While many businesses assume that accountants are bound by generally accepted accounting practices and that these are inviolate, nothing could be further from the truth. Everything is subject to interpretation, and GAAP (Generally Accepted Accounting Principles) is no different. For one thing, GAAP permit alternative accounting methods to be used for certain expenses and for revenue in certain specialized types of businesses.
For another, GAAP methods require that decisions be made about the timing for recording revenue and expenses, or they require that key factors be quantified. Deciding on the timing of revenue and expenses and putting definite values on these factors require judgments, estimates and interpretations which, when arrived at in a forthright and responsible manner are acceptable to GAAP, despite the method used.
The mission of GAAP over the years has been to standardize accounting methods in order to bring about uniformity across all businesses. But alternative methods are still permitted for certain basic business expenses. No tests are required to determine whether one method is more preferable than another. A business is free to select whichever method it wants.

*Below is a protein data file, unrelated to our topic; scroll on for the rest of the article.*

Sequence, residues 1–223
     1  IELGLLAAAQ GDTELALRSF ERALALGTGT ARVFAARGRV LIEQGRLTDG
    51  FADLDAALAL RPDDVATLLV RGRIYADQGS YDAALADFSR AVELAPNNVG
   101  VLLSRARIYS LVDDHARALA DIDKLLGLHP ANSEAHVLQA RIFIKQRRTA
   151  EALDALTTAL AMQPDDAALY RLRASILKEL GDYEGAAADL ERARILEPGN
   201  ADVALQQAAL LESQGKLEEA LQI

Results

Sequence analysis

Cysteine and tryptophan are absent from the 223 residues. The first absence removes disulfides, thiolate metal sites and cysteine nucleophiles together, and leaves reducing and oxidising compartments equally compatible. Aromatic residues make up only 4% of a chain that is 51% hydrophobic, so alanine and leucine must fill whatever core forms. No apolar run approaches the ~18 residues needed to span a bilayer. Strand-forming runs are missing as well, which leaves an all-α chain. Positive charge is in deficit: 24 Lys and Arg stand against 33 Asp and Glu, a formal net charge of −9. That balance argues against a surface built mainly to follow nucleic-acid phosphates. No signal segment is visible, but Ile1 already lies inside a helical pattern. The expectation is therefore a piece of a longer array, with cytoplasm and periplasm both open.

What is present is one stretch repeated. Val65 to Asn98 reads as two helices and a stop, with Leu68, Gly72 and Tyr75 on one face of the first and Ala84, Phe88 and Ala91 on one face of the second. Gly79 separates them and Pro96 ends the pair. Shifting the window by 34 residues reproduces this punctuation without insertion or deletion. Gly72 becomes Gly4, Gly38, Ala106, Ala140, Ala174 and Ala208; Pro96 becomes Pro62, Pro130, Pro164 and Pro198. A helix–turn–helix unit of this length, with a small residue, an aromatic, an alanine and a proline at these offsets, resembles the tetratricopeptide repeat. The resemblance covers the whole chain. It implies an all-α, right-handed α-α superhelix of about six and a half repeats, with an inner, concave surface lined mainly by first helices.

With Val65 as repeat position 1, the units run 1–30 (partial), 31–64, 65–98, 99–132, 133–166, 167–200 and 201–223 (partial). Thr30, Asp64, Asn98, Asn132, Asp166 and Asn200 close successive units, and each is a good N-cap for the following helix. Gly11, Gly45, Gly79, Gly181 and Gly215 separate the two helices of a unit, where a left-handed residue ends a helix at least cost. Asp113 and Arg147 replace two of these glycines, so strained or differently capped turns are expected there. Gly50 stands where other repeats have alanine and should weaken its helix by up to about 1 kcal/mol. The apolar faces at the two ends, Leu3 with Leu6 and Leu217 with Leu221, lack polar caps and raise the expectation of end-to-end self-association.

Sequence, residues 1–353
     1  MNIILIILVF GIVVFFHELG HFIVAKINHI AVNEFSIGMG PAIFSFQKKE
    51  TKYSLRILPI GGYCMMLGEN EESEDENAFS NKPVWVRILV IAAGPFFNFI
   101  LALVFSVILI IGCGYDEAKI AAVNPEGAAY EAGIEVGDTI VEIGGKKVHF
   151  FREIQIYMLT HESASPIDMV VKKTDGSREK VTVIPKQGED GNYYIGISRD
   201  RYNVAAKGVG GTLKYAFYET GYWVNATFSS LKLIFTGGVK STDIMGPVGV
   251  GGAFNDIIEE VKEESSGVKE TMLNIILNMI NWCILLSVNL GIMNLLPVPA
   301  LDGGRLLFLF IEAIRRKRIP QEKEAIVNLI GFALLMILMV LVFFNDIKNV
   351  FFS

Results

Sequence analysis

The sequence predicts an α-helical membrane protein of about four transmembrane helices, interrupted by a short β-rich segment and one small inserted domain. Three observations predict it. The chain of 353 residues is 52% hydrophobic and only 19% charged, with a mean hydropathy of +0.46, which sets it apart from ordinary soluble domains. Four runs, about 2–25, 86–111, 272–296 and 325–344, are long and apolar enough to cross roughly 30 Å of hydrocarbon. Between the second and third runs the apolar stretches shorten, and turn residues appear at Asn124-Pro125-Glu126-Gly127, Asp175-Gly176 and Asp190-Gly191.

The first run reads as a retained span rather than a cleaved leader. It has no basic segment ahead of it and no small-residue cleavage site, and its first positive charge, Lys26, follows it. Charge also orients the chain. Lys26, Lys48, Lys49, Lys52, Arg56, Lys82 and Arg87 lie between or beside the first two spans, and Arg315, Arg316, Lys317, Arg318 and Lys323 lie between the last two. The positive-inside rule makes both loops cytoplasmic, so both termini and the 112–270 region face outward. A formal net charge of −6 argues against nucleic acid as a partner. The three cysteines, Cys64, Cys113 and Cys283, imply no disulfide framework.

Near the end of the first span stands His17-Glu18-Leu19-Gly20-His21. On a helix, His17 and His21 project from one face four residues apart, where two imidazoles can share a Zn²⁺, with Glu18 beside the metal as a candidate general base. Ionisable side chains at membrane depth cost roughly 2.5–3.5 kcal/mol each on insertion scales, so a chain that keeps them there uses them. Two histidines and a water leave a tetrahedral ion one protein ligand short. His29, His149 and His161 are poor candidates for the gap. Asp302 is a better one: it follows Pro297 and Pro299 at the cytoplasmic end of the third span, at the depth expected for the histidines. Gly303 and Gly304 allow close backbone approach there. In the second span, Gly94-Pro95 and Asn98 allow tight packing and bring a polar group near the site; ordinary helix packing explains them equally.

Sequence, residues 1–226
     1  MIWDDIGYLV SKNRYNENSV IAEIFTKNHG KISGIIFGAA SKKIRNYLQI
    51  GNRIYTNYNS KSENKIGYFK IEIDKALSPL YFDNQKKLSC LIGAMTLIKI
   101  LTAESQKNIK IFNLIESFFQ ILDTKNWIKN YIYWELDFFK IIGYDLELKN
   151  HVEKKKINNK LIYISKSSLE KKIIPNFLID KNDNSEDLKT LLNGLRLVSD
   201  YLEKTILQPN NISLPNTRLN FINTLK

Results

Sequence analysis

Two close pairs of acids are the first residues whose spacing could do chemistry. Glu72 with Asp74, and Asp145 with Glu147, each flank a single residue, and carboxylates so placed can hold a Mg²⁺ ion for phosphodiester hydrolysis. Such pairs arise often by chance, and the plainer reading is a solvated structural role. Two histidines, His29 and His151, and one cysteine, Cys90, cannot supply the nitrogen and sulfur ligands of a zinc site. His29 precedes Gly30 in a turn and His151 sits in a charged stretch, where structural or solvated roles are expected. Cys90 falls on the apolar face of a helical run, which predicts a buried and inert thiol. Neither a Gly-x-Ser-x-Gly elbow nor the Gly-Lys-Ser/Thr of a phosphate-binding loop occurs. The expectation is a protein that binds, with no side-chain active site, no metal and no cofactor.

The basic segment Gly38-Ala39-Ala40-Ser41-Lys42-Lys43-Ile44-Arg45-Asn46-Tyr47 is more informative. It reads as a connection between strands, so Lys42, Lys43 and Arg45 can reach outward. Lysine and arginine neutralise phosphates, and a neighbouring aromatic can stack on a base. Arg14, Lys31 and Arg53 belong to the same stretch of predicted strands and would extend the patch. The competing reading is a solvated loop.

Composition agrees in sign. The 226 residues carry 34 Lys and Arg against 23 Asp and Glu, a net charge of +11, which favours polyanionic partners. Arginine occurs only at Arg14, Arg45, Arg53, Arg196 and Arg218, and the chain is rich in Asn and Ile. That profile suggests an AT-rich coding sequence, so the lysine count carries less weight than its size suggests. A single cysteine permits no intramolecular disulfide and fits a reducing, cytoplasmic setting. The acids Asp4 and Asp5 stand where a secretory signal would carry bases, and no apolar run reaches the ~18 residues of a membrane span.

However, if a business is to use an alternative accounting method, it must choose which cost of goods sold expense method to use and which depreciation expense method to use. For other expenses and for sales revenue, one general accounting method has been established, which is GAAP, a set of accounting rules used to standardize the reporting of financial statements in the United States; there are no alternative methods.
Notwithstanding, a business has a fair amount of latitude in actually implementing the methods. One business applies the accounting methods in a conservative manner, and another business may apply the methods in a more liberal manner. The end result is more diversity between businesses in their profit measure and financial statements than one might expect, considering that GAAP have been evolving since 1930.
The pronouncement on GAAP prepared by the Financial Accounting Standards Board (FASB) is now more than 1000 pages long. And that doesn’t even include the rules and regulations issued by the federal regulatory agency that has jurisdiction over the financial reporting and accounting methods of publicly owned businesses – the Securities and Exchange Commission (SEC).